Observation and Feedback

Three Novinium Trainers—certified by Quality Safety Edge—trained everyone in the company in the right way to conduct observations and give effective feedback, including those in sales, engineering, and supply chain regardless of whether they were office- or home-based. Being a voluntary process, this training allowed everyone to make informed decisions about their involvement in nobs. At each of these training sessions, the local design team members hosted a kick-off event to create excitement and interest. They served pizza and gave everyone specialized, orange clipboard boxes with the five observation-and-feedback checklists and job-aids inside. 

Leadership

Although this is an employee-designed and managed process, leaders have a critical role in supporting the process. In addition to the observation-and-feedback training, all leaders from crew leaders through executive leadership attended a leadership workshop. During this workshop, Dr. Grainne Matthews, QSE’s Vice President Europe, helped leaders define and understand their role of supporting, monitoring, and participating in the process. 

Novinium goes virtual in managing their process!

So how does an employee-managed process work when the team is spread over an entire country? This was the most challenging question that the design team had to answer. Their solution was simple, yet elegant—go virtual! 

The nobs Steering Committee is composed of the employee representatives from the design team. Each nobs member is assigned as a coordinator for a specific component of the process. These include the following:

  • Chair: Tracks members’ performance and ensures the overall integrity of the process
  • Scribe: Assembles the completed Agenda worksheets for each meeting and maintains a list of commitments made by members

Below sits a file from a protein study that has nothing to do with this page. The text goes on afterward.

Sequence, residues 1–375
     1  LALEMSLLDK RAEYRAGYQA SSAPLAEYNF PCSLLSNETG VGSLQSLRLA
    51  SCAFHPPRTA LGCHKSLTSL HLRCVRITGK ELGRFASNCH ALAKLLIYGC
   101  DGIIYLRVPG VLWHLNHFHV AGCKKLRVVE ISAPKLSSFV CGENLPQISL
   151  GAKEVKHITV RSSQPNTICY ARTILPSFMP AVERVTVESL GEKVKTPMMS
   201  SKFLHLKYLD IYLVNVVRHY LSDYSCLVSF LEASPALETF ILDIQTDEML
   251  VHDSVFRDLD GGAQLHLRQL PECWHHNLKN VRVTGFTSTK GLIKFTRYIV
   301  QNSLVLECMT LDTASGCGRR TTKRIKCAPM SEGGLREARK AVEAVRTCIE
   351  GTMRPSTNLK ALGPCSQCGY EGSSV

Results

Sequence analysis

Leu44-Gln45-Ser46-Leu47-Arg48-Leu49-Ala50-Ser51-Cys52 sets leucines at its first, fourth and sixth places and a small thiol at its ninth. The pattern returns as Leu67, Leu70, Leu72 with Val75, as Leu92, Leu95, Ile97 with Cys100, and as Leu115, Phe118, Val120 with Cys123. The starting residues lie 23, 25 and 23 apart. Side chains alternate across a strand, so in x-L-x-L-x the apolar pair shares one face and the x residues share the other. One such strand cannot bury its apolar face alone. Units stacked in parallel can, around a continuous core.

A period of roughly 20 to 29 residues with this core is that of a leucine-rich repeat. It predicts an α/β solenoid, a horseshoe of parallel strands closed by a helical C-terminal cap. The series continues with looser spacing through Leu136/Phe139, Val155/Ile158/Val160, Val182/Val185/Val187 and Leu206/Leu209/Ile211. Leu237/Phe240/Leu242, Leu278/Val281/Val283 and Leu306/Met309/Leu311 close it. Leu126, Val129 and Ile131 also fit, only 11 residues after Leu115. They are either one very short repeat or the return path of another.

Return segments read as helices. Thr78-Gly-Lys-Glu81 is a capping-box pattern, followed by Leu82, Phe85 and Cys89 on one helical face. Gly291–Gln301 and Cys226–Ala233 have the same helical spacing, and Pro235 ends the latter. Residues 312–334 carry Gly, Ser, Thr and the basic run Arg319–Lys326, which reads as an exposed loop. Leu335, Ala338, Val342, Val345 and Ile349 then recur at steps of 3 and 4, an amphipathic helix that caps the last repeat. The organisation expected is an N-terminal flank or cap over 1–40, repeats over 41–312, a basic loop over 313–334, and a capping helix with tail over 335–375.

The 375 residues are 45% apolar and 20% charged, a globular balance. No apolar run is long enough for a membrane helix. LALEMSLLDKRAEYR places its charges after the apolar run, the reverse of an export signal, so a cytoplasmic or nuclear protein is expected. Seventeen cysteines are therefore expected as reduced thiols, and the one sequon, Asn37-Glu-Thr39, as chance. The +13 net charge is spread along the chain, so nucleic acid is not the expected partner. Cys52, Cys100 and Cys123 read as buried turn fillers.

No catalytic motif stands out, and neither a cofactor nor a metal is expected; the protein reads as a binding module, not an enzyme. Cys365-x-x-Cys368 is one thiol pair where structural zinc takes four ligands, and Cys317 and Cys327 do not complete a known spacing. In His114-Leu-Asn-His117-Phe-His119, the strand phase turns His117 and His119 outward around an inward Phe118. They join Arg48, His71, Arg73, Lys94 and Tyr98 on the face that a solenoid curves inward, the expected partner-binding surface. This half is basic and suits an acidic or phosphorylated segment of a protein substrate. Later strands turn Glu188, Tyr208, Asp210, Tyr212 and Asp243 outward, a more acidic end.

• Budget Coordinator: Ensures the Steering Committee uses its budget wisely and follows principles of Behavioral Safety 
  • Communication Coordinator: Publishes all written communication and arranges all presentations by the Steering Committee members at leadership and employee meetings
  • Data Coordinator: Maintains all documentation related to nobs including updating checklists for Safety Action Plans and when the Steering Committee changes the focus behaviors 
  • Group Celebration Coordinator: Leads the team in planning group celebrations that will involve everyone in celebrating goals met
  • Individual Recognition Coordinator: Tracks who earns Individual Recognition for participation and makes sure the Steering Committee delivers it
  • Safety Action Plan Coordinator: Tracks whether the Safety Action Plan is implemented as intended and whether it improves behavior and reduces risk
  • Coaching Coordinator: Assigns each Steering Committee member to an employee so that that everyone receives regular coaching
  • Leadership Liaison: A member of management attends all Steering Committee meetings to remove any barriers they may encounter in managing the process.
  • Safety Liaison: A member of the Safety Department also attends to provide expert information and resources for the Steering Committee’s Safety Action Plans.

Dr. Matthews created a detailed agenda identifying the key activities for each component. The nobs team meets via an online meeting service for one-hour, twice per month using this agenda to guide them through all facets of successfully managing their process. In the first meeting, the team focuses on participation and involvement. The second meeting is dedicated solely to safety action planning. Prior to the meeting, each coordinator prepares his/her section of the agenda and sends it to the scribe to compile. At the meeting, the chair passes control of the online presentation to the coordinator for each section. The coordinator presents his/her part and leads related discussion and decision-making. When complete, the chair then passes the presentation control to the next coordinator. Meanwhile, the scribe notes action items and assignments. While on the surface this seems a simple solution, in practice those of us who use virtual meetings know it is difficult to achieve real discussion and problem solving online. As such, Dr. Matthews held a two-day training to teach the Steering Committee members the components of successfully managing their process over time and their corresponding roles. They then practiced the virtual meeting using the custom agenda.